Jason Stanford,’92 (Self-designed Russian Studies major)
Editor, Moscow Guardian (1992). Reporter/Researcher, Los Angeles Times, Moscow bureau (1993). Dept. Press Secretary to Texas Gov. Ann Richards (1994). President, Stanford Campaigns (1997-present)
“If the Communist hardliners had not tried to overthrow Gorbachev in the summer of 1991, I’m sure my life would have turned out much differently. That political turmoil cancelled my LC trip to Russia, which meant that I spent my last semester on campus researching and writing my thesis on the Soviet press under Glasnost. In retrospect, it was this unexpected semester of in-depth study that proved the defining experience in my becoming one of the Democratic Party’s top opposition research consultants in the country. My faculty advisors, who included Donna and Tatiana, encouraged me to pursue independent research using primary sources and would not settle for less than original analysis. These standards have proved vital to my vocation.
I spent my final semester studying in Moscow. While fellow graduates competed for bartending jobs in a recession, living in Moscow gave me incredible work experience as the editor of an expatriate magazine and a reporter in the Los Angeles Times’ Moscow bureau. It was in Moscow, oddly enough, that I made the professional connections that led me to Texas politics, where I still make my geographic and professional home.
So, to those long departed Commies, thank you, good night and good luck.”
Chuck Dunn ‘92 (Mathematics and Music; Russian 3 years)
MS Mathematics, U of Illinois at Urbana-Champaign, 1994
PhD Mathematics, Arizona State University in Tempe, 2002
“After receiving my Master’s I taught high school math and band for three years in Austin, Texas, before going back to graduate school in 1997. In the summer of 2002 I moved back to the Portland area with my partner Scott. I am now an Assistant Professor of Mathematics at Linfield College in McMinnville, Oregon. And for the first time in 15 years, I have the opportunity to put my study of Russian to good use. I am planning a January 2008 term trip for Linfield math students. We will travel to Switzerland, Germany, and, most significantly, St. Petersburg, Russia. The intent is to follow in the footsteps and to study the mathematics of Leonhard Euler, a very important and prolific 18th-century mathematician.”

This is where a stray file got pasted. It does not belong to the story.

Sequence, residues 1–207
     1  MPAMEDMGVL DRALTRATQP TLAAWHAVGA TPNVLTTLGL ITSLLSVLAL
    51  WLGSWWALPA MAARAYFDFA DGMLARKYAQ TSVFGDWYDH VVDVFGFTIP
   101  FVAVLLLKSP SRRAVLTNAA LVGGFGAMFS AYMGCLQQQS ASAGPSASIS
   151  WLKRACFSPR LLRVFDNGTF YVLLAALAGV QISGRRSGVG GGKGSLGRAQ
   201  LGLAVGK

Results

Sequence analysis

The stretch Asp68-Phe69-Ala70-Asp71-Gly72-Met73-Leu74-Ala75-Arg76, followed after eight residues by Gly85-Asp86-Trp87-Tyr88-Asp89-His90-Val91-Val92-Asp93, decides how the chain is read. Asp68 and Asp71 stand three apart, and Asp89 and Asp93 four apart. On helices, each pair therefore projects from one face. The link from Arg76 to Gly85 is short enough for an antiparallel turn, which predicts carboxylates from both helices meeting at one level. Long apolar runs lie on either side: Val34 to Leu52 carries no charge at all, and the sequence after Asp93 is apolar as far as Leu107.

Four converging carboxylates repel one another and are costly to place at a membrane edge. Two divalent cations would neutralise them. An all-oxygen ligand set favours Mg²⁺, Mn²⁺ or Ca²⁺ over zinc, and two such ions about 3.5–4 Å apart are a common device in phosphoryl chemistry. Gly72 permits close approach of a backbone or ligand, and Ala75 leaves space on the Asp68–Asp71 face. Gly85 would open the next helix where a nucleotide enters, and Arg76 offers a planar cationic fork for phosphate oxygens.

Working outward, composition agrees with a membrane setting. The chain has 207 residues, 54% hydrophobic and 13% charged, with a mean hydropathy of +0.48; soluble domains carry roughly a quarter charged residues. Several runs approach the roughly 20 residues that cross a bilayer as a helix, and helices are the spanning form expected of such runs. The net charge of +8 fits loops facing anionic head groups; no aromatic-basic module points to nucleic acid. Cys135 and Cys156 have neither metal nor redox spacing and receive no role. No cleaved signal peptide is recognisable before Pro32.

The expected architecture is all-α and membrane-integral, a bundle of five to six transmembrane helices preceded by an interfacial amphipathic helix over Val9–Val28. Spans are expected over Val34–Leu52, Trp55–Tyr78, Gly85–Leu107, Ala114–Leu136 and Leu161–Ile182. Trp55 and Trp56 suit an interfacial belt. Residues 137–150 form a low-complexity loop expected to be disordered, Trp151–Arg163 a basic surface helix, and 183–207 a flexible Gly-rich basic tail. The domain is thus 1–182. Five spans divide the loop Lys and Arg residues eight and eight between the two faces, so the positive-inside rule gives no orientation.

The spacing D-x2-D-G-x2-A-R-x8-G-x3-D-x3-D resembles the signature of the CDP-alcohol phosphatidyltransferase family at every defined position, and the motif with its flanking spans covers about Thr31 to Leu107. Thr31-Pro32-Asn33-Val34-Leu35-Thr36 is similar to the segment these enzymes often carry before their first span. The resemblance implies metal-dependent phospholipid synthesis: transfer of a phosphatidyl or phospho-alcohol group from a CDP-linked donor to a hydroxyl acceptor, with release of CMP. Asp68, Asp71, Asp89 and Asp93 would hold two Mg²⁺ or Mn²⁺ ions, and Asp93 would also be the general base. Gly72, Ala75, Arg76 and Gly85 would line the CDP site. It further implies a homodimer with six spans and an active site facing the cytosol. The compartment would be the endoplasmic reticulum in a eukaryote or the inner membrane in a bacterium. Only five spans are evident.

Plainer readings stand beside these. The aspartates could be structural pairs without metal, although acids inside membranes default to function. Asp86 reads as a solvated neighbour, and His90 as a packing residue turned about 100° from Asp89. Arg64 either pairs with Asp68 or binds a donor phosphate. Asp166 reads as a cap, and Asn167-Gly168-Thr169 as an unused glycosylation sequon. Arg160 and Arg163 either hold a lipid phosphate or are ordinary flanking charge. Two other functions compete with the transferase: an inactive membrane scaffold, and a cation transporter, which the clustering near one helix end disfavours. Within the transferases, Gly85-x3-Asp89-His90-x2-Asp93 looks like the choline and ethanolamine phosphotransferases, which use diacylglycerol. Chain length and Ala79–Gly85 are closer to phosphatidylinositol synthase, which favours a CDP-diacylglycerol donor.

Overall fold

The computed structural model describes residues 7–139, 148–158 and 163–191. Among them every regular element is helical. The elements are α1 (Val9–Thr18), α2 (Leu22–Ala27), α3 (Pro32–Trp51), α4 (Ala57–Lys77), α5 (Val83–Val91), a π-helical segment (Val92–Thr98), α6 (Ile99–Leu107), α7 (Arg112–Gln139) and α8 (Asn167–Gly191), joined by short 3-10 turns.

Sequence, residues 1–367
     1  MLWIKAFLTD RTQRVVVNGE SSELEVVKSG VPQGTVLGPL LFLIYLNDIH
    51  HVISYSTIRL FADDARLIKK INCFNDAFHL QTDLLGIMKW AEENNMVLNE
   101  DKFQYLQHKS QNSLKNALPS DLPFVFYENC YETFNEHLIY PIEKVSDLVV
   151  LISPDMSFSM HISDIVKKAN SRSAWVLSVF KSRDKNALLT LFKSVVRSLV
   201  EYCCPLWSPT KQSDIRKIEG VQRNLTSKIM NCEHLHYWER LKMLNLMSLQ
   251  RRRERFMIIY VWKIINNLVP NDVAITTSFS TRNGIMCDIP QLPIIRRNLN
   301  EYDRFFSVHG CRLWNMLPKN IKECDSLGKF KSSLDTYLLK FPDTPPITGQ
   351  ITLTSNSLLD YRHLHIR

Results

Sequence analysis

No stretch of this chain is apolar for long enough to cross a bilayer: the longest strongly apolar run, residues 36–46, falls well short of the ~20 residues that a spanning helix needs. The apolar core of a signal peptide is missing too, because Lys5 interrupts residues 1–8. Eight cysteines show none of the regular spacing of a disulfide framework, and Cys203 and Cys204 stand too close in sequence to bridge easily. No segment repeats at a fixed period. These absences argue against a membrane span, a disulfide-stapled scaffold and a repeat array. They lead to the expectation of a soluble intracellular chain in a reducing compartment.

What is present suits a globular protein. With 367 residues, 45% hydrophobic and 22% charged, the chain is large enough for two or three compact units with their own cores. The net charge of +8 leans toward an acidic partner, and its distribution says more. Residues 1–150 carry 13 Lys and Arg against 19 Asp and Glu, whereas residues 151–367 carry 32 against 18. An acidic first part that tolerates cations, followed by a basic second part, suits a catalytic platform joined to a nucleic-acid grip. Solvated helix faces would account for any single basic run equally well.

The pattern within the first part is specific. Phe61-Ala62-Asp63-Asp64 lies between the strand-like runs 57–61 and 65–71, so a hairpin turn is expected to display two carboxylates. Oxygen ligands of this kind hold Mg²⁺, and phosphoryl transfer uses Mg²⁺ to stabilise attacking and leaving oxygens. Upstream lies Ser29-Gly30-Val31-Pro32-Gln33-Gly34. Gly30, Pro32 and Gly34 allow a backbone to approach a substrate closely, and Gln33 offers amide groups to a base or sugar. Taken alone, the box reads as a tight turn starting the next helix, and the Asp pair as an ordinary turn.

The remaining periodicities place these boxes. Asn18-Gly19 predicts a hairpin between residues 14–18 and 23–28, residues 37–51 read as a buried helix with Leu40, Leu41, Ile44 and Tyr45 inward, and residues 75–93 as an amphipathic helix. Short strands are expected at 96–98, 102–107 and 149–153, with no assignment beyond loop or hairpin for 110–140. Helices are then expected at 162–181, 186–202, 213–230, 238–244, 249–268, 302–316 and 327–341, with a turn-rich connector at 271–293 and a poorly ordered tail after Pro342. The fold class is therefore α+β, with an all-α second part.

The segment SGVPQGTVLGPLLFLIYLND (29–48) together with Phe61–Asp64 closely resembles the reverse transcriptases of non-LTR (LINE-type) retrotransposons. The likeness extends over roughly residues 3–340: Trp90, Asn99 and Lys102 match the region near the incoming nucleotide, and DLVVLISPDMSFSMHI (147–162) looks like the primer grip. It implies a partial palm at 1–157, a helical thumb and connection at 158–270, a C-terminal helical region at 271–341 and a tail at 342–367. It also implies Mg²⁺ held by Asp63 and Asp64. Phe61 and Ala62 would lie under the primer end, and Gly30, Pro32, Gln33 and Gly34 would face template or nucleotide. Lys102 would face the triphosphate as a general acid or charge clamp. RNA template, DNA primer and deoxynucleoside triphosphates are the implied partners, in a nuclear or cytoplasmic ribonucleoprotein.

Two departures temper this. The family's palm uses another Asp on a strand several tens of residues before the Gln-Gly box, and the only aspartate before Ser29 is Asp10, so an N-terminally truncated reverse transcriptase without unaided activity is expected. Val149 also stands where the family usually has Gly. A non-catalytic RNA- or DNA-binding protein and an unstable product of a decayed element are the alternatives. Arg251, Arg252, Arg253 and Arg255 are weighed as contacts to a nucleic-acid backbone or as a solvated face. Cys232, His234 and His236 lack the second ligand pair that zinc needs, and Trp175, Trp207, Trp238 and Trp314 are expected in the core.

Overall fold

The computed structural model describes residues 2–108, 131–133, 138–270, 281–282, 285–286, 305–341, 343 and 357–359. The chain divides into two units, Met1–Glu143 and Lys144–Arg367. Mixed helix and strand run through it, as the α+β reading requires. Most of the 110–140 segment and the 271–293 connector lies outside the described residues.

Dana Margosian ‘93, (Foreign Languages: German and Russian)
Dana worked for Multnomah County Aging Services interpreting for elderly immigrants from the former Soviet Bloc. After getting an ESL endorsement at Portland State, she served in the Peace Corps teaching English as a Foreign Language in the Jewish Autonomous Region and Khabarovsk in the Russian Far East for 3 years. Upon return to Portland, she worked for Sponsors Organized to Assist Refugees helping new arrivals from Ukraine, Russia and Central Asia. She then began work with the State of Oregon, Department of Human Services (DHS) working specifically with clients with limited English. Dana recently transferred with DHS to Bend, Oregon, where she admi-nisters the Food Stamp and Medicaid programs and enjoys skiing and mountaineering in her spare time.
Darcia McDaniel ’93 (Self-Designed Russian major)
Darcia worked as a receptionist at the American Embassy in Moscow for several years, taught English in Poland, and went back to school to get an MA in Teaching English as a second language.
Brian Humphreys ’94 (Self-Designed Russian major)